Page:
Now that winter is drawing to a close, residential and commercial buildings will soon be switching their heating systems off and their air conditioning systems on. This is the ideal time of year to begin preparing your boiler for the next heating season assuring the building that the boiler will continue to operate at peak efficiency which translates into meaningful dollar savings. Recent inflated oil prices have alerted many buildings to the basic fact that an inefficient boiler will cost a building unnecessary wasted dollars that could be saved with proper maintenance.
As this heating season draws to a close, there are a number of simple, relatively inexpensive, but necessary steps to prepare your boiler to operate properly during the spring, summer and fall seasons.
Keep It Clean
The first step, and one of the most important, is a proper major cleaning performed by a reliable company with skilled personnel and proper equipment (i.e., high-power, truck-mounted vacuum system). One prerequisite for a boiler to efficiently attain proper heat transfer is for the fire tubes to be free of soot and scale. The soot acts as a type of insulation and will reduce the efficiency of the heat transfer from the burner flame to boil the water on the outside of the tubes. This translates into wasted energy and higher fuel bills. Soot build-up inside the boiler may lead to other maintenance problems as well. These maintenance problems are attributed in part to the high sulfur content contained in soot, which creates sulfuric acid, which will ultimately corrode the boiler tubes.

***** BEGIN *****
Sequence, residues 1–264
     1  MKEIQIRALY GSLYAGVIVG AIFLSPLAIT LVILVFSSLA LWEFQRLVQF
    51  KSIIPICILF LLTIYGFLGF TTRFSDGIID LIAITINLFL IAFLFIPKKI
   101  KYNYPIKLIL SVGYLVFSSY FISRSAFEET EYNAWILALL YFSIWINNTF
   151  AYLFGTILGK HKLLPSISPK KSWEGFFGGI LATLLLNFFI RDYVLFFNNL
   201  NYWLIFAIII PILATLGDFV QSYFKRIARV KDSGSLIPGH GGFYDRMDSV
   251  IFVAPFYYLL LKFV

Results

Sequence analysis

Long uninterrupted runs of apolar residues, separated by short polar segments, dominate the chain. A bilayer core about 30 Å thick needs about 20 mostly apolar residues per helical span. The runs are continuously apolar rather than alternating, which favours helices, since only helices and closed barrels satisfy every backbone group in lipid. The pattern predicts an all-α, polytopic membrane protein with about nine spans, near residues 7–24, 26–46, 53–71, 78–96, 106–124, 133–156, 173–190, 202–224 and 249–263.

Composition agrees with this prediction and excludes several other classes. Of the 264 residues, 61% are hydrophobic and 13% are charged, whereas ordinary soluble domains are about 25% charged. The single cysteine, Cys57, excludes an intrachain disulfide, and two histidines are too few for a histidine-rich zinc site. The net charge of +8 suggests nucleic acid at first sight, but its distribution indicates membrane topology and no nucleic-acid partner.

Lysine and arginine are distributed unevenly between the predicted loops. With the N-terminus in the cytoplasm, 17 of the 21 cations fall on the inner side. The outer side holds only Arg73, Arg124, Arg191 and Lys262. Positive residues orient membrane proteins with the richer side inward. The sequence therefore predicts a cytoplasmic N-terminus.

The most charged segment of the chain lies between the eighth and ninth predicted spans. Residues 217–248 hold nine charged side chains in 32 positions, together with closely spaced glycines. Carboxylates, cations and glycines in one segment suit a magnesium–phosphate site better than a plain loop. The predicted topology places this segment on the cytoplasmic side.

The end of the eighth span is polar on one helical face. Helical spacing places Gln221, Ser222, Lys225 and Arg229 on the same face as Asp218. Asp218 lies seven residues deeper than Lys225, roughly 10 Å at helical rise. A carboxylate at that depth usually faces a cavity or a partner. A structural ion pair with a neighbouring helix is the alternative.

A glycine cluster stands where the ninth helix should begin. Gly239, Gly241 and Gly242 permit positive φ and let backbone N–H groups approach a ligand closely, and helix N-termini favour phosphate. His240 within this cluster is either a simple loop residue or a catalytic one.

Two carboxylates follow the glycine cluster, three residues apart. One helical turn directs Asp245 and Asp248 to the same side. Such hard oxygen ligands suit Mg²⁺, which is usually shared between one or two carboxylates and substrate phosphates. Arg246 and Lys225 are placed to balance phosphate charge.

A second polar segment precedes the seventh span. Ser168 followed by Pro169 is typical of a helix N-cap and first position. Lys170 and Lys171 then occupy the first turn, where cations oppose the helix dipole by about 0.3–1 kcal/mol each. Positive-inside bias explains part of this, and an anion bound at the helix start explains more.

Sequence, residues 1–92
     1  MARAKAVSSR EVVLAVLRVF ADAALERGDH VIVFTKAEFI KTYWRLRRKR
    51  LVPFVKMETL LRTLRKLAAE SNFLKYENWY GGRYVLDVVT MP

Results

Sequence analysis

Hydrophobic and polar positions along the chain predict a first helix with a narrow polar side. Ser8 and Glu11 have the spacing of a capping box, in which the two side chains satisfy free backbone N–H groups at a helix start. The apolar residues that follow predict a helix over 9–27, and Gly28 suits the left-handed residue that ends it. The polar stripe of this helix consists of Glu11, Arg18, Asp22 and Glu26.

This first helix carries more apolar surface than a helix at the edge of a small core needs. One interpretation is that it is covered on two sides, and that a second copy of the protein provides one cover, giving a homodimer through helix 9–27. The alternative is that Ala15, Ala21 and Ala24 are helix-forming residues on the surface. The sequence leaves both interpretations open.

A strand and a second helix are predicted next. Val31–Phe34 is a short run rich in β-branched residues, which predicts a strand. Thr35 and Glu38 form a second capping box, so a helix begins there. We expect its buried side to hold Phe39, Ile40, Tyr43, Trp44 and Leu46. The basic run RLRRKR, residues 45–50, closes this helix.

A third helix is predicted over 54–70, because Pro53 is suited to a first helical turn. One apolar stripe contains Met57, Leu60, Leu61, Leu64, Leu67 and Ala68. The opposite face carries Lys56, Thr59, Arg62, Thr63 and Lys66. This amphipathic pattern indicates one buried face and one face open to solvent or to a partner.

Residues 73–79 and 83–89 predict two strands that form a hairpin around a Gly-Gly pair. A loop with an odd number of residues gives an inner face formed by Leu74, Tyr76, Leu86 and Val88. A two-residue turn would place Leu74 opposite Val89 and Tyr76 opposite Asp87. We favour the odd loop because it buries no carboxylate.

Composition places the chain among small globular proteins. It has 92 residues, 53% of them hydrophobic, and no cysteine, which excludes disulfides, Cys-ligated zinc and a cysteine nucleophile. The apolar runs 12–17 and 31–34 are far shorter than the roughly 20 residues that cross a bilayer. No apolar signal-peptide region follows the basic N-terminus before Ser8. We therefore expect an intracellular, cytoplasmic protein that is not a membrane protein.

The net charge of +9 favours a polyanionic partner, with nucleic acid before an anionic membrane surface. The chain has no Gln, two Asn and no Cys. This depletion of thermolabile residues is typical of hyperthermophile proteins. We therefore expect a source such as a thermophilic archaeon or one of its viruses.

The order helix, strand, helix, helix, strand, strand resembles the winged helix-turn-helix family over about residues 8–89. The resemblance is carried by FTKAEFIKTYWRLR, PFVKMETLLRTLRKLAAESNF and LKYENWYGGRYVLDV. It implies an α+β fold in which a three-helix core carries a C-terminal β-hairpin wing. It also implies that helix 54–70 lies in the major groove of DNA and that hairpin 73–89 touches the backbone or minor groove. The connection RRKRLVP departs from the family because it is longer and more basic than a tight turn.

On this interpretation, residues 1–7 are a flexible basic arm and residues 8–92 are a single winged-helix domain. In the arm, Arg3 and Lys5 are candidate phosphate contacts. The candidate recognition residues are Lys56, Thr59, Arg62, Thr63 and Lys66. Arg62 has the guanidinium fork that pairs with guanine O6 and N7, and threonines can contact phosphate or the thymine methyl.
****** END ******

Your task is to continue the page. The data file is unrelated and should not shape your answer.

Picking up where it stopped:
Control Soot Buildup
Tests that have been conducted by municipalities, heating plant engineers and boiler manufacturers have proven that even a small amount of soot (1/8″ to 1/16″) will drain boiler efficiency by as much as 25 percent depending on the system. This amount of wasted fuel translates into wasted dollars to any multi-family building. A boiler system must be completely clean on the water and fire side. A clean heating surface results in maximum heat transfer and less heat (dollars) up the stack.
It is usually recommended that any #2, #4, #6 oil and gas burner have a properly-equipped company perform a “major cleaning” at the end of each heating season. This “major cleaning” consists of wire brushing all the fire tubes, vacuum cleaning of the entire boiler (using a high-power, truck-mounted vacuum system) breeching, chamber and chimney base.
Many residential and commercial buildings continue to use their boilers throughout the spring, summer and fall seasons in order to provide hot water to the residents of these buildings. Boilers that are burning the heavier fuels such as #4 and #6 will continue to throw off a residue of soot into the fire tubes and reflecting plates of the boiler. These boilers should receive periodic supplementary cleanings throughout the spring, summer and fall months in order to keep the fire tubes, reflecting plates, tube sheets and chimney base free of soot accumulations which will result in increased boiler efficiency.
Check Boilers Regularly
During the spring and summer months, all boilers should be checked for leaks, all tubes that may have been plugged during the heating season should be changed and all gasketing should be checked. Any leaking tubes or open seams should be attended to immediately.
Those boilers that are being used to generate hot water during these mild weather months should receive another major cleaning in the fall just prior to the start of the next heating season. This will ensure that your boiler is in proper operating condition enabling it to work at its peak efficiency throughout the next heating season.
Michael Sandler is the president of Nu-Way/Scientific Boiler based in Brooklyn.